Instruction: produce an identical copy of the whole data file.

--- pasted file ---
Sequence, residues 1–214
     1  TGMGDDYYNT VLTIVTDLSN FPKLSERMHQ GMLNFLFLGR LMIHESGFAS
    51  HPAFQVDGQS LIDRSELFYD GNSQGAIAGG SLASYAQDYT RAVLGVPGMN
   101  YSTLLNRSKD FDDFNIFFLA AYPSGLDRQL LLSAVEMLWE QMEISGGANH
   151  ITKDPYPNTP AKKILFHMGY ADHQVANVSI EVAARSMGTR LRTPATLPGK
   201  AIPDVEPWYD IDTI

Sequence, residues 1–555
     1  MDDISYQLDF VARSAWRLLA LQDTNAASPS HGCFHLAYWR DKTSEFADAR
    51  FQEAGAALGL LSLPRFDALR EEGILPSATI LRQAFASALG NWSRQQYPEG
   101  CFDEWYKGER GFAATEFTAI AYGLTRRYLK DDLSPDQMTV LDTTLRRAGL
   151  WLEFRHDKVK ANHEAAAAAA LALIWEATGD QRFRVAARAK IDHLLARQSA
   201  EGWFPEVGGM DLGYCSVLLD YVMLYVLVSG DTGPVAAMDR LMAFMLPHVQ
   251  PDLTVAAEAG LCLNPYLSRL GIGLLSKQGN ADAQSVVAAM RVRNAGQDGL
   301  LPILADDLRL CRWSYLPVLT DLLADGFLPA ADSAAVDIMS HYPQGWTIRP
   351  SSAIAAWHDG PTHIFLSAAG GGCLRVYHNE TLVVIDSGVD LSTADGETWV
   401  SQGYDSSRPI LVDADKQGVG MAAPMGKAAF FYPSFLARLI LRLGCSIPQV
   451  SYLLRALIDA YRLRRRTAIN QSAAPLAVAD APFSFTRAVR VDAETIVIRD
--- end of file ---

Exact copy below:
Sequence, residues 1–214
     1  TGMGDDYYNT VLTIVTDLSN FPKLSERMHQ GMLNFLFLGR LMIHESGFAS
    51  HPAFQVDGQS LIDRSELFYD GNSQGAIAGG SLASYAQDYT RAVLGVPGMN
   101  YSTLLNRSKD FDDFNIFFLA AYPSGLDRQL LLSAVEMLWE QMEISGGANH
   151  ITKDPYPNTP AKKILFHMGY ADHQVANVSI EVAARSMGTR LRTPATLPGK
   201  AIPDVEPWYD IDTI

Sequence, residues 1–555
     1  MDDISYQLDF VARSAWRLLA LQDTNAASPS HGCFHLAYWR DKTSEFADAR
    51  FQEAGAALGL LSLPRFDALR EEGILPSATI LRQAFASALG NWSRQQYPEG
   101  CFDEWYKGER GFAATEFTAI AYGLTRRYLK DDLSPDQMTV LDTTLRRAGL
   151  WLEFRHDKVK ANHEAAAAAA LALIWEATGD QRFRVAARAK IDHLLARQSA
   201  EGWFPEVGGM DLGYCSVLLD YVMLYVLVSG DTGPVAAMDR LMAFMLPHVQ
   251  PDLTVAAEAG LCLNPYLSRL GIGLLSKQGN ADAQSVVAAM RVRNAGQDGL
   301  LPILADDLRL CRWSYLPVLT DLLADGFLPA ADSAAVDIMS HYPQGWTIRP
   351  SSAIAAWHDG PTHIFLSAAG GGCLRVYHNE TLVVIDSGVD LSTADGETWV
   401  SQGYDSSRPI LVDADKQGVG MAAPMGKAAF FYPSFLARLI LRLGCSIPQV
   451  SYLLRALIDA YRLRRRTAIN QSAAPLAVAD APFSFTRAVR VDAETIVIRD